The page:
We fail to grow during this time of isolation because of a few unconscious lessons we learned during our time in school. The antidote is to choose ourselves.
We wait too long for others to choose us. We wait for the right schools, universities, employers, partners to choose us. We wait for someone else to give us permission to do what we really want to do. To learn what we want to learn, to make what we want to make.
Self-directed learning via online courses and books are more abundant than ever before. But my mind goes to why we so often fail at following through, on learning ourselves, or insisting that we get the right credentials.
On waiting for someone else to choose us.
The Seven Lesson School Teacher
Meet John Taylor Gatto.
He was New York State’s and New York City’s Teacher of the Year for 3 years. He took underperforming kids and made them into smart, interesting, curious, and well prepared individuals. In short, he did what great teachers do.
It was during the last year where he won the Teacher of the Year award that he wrote a very public column in the Wall Street Journal announcing that he was quitting teaching for good.
He said he was done harming kids.
He believed that the real lessons of school were very different than what we believe them to be. These lessons are:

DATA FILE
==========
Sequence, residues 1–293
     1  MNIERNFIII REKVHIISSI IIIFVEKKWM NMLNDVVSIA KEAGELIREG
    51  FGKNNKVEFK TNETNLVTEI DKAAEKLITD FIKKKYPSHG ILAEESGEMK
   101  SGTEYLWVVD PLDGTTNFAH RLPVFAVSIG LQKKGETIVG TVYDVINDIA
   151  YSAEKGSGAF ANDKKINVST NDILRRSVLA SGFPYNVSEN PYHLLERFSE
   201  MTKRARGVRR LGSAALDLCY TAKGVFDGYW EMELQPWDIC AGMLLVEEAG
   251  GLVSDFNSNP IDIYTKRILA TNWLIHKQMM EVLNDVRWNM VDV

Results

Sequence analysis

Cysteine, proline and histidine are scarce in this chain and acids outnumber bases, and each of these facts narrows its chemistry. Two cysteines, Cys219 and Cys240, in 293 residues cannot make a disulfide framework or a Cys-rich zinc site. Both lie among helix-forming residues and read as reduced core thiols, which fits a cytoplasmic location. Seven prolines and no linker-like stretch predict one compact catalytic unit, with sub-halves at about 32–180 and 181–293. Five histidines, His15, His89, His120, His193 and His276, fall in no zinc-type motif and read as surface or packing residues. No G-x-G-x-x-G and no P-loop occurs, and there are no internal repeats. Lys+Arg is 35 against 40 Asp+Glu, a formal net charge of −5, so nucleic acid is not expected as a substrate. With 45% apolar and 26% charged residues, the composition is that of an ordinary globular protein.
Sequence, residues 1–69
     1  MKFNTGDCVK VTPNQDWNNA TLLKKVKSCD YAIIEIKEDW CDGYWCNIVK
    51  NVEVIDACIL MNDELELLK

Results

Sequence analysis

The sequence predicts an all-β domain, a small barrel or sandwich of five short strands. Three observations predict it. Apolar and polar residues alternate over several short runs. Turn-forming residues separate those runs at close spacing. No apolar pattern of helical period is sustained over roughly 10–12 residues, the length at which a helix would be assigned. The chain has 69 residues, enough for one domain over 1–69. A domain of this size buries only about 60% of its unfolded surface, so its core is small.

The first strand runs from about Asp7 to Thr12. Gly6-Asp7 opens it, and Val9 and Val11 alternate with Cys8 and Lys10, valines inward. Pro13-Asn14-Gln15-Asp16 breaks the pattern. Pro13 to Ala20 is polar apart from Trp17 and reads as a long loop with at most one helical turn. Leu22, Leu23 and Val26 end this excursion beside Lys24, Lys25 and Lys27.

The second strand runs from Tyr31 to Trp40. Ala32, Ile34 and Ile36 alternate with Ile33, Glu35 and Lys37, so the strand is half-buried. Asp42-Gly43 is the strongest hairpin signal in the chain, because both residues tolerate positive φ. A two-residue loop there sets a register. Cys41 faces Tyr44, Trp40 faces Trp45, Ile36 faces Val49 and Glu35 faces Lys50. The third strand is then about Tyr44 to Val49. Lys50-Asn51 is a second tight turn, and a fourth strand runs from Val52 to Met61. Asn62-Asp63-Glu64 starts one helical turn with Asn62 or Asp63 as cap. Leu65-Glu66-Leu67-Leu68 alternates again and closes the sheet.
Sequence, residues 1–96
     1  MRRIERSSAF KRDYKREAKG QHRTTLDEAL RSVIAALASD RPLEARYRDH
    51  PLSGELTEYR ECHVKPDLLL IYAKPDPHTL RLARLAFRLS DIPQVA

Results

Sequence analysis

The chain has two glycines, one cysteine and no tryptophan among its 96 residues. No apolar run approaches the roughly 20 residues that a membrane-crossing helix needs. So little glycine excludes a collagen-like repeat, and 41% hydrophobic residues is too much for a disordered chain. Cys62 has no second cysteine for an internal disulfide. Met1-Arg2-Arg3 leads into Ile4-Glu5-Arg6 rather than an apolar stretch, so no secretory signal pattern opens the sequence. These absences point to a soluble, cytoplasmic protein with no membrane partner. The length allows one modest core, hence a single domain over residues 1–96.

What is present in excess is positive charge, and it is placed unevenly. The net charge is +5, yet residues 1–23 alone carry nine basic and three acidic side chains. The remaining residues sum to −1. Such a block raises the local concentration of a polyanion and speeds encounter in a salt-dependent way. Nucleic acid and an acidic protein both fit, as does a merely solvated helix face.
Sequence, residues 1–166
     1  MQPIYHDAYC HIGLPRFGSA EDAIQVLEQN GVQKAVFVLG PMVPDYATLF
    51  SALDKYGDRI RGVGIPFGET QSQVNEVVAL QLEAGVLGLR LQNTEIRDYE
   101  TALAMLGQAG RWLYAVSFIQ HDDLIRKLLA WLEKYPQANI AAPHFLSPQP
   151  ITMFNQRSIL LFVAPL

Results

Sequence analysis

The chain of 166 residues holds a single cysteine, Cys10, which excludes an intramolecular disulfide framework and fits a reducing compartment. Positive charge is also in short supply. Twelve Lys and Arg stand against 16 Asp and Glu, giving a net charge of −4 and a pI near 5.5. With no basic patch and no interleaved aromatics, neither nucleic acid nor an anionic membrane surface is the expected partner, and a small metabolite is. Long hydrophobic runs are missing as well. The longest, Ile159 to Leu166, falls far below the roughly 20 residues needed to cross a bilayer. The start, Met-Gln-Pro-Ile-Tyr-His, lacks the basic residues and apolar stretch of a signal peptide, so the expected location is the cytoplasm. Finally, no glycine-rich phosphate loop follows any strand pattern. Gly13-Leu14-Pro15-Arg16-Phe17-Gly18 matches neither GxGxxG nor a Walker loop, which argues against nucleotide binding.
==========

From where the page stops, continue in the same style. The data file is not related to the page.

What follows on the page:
- Confusion: Schools teach us everything, disconnectedly. Math is different from history is different from science is different from language. But true education is meant to be an in-depth understanding of the world and to develop a skill set that can serve us navigate it. That is how the world functions. Everything is meant to be integrated. Schools teach unrelating everything from everything. It isn’t until much later years where the synthesis of these things come together.
- Indifference: Classes are strictly divided into a timetable. English is homeroom, Science is second, and then math. You can have a great teacher at the front of the class, but when the bell rings, you must stop and just shut off your brain and rapidly go do something else. No wonder we struggle at finishing long term projects that matter in our lives in our adult age. No wonder we struggle to keep focus on doing deep work, which is where mastery and greatness happens.
- Position: Students are numbered, and they are put in a strict position. You know what your position is, and you don’t like to deviate from it. I see this (and it’s happened with me as well), where it is very difficult to relate and connect with people of different age groups, different socio-economic factors. We know our position, and our world starts revolving only around people in the right class, the right subjects, the right position. This is not the way the real world is supposed to work. No wonder we are so divided. Why we struggle to see the other person.
- Emotional Dependence: The golden star stickers in the report card, the permission to go use the bathroom, the rankings and class performance charts. They all teach us that we need someone else to bestow their good graces upon us so that we may express our individuality. There is value in this of course. When we are small children, we need this to teach us social norms to function well. But after a while, we keep chasing the golden star sticker in everything we do, from the universities we want to go to, the jobs we pursue, the vacations we take. Everything is a signal waiting for someone else to validate us and give us permission to be. There is no outlet to fight against this.